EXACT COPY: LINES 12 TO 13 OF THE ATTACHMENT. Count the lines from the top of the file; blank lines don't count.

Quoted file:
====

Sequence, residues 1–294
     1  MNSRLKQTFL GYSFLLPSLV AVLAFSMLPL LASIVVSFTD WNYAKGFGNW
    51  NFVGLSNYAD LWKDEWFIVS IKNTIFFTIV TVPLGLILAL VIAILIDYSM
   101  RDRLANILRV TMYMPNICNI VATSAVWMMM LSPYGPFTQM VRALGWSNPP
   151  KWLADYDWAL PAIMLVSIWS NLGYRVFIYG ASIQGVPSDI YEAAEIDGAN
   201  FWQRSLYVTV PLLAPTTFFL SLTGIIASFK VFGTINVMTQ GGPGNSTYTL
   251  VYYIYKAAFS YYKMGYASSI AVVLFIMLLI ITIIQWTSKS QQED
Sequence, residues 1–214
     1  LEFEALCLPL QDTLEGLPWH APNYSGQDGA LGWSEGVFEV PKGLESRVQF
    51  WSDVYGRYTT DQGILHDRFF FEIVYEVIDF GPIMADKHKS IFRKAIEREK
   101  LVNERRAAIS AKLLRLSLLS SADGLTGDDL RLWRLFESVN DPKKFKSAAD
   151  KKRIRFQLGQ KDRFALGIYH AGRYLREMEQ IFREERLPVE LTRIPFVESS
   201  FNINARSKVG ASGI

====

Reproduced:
   151  KKRIRFQLGQ KDRFALGIYH AGRYLREMEQ IFREERLPVE LTRIPFVESS
   201  FNINARSKVG ASGI